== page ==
Derek looks at the two sides of God’s nature—His mercy and severity—which run all through the Bible. Looking at Old and New Testament Scriptures we see He is consistent: full of mercy for those who will turn to Him, but bringing judgment upon those who will not listen and obey. Which camp are you in?
It’s good to be with you again, sharing on this week’s inspiring—but also challenging—theme: Agreeing with God.
I’ve been sharing that this requires a radical change in our whole way of thinking. And you’ll remember probably that probably that the Biblical word for that radical change in our thinking is repentance. I’ve suggested that there are four main areas that need to be included in this change in our thinking and I’ve listed them as follows: First, our objectives; second, our priorities; third, our attitudes; and fourth, our categories. Now, I’ve already spoken about objectives and I’ve suggested that two primary objectives of God are first, His own glory and satisfaction and second, excellence. And of course God would not be glorified by anything less than excellence. But excellence comes second because it’s a kind of product of the first which is God’s glory and satisfaction. That’s the ultimate purpose for everything in the Universe including you and me is God’s glory and satisfaction. And I quoted that statement which is so appropriate—“Anyone who does not exist for God’s glory has no right to exist at all.”
And then I spoke about two main priorities of God. The first, the coming of God’s kingdom— “Thy kingdom thy will be done on earth.”—the coming of God’s kingdom to earth and second, the eternal before the temporal, especially in God’s dealings in our lives. He always gives priority to the eternal over the temporal. He will never sacrifice the eternal to the temporal. He’s always working in us to make us truly good people in an eternal sense.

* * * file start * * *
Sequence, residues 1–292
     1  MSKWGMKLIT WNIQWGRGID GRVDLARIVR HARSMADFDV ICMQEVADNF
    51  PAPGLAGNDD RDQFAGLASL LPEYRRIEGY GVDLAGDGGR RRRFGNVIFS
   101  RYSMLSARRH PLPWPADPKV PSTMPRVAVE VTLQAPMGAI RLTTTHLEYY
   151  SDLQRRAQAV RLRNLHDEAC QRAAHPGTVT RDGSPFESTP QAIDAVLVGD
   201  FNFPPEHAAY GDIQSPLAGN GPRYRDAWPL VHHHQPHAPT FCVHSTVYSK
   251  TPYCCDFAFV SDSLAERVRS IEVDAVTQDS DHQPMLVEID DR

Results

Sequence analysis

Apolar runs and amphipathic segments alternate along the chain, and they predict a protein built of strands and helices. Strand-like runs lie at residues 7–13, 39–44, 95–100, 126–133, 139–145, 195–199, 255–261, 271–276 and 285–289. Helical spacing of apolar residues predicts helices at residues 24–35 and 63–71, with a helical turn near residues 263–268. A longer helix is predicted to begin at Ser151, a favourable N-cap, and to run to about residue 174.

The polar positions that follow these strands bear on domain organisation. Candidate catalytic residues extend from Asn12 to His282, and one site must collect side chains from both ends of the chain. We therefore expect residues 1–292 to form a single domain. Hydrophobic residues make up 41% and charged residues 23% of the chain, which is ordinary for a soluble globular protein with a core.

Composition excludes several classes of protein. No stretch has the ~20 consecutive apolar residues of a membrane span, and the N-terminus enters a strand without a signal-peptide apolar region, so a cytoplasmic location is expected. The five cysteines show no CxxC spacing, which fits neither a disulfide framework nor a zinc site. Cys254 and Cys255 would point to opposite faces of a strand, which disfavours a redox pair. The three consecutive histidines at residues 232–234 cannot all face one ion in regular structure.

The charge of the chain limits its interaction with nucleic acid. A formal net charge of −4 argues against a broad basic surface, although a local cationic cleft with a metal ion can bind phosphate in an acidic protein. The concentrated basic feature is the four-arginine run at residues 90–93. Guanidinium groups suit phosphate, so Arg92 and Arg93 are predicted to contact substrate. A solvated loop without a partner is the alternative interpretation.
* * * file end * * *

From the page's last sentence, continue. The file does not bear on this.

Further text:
Yesterday I shared on an attitude of God which I believe is very important—attention to detail—the small before the great and I gave examples from the teaching of Jesus. “He that is faithful in the least is faithful in much. He that is unfaithful in the least is unfaithful in much.” God always checks us in the small things before He promotes us to the great things. And God cares for the smallest things in His universe. He’s just as concerned about the atom, the neutron, the proton, as He is about the entire universe. He keeps His eye on every sparrow, even the fifth sparrow that was thrown in for free and He knows the number of the hairs on our head. Those are very small things but God attaches the greatest importance to each one of them. And if we’re going to think like God, we have to attach importance to small things before we even begin to think about great things.
Today I’m going to speak about another attitude of God which I believe is characteristic and important, and I could describe it this way, “As mercy combined with justice,” or you could use “severity,”—“mercy and severity.” So many people today cannot see these two things combined in God. In my thinking, they’re like the two opposite sides of the same coin and unless each of them is there, you do not have a valid coin. So it is with God, mercy combined with justice or severity.
In Exodus 34, the Lord descended in a cloud for the benefit of His servant, Moses and He proclaimed His name. Now the name of God or the name of any person in Scripture always is a key to their nature. And so when God proclaimed His name to Moses, He was also revealing His nature to Moses. And so it’s important to read the name of God as it’s proclaimed there in Exodus 34, verses 5 through 7. It says this:
“Then the Lord descended in the cloud and stood with Moses there, and proclaimed the name of the Lord. And the Lord passed before him and proclaimed, ‘The Lord, the Lord God, merciful and gracious, long-suffering, and abounding in goodness and truth. Keeping mercy for thousands, forgiving iniquity and transgression and sin, by no means clearing the guilty, visiting the iniquity of the fathers upon the children and the children’s children to the third and fourth generation.’” (NKJ)
There we see so clearly the two opposite sides of God’s single nature—first on the one side, His mercy—on the other side, His severity or His sternness. And there are seven aspects of His mercy unfolded for us there. First of all, He’s merciful. Second, He’s gracious. Third, He’s longsuffering or patient. Fourth, He abounds in goodness which is sometimes translated “steadfast love.” Fifth, He abounds in truth which is also faithfulness. Sixth, He keeps mercy for thousands. And seven, He’s willing to forgive iniquity, transgression and sin.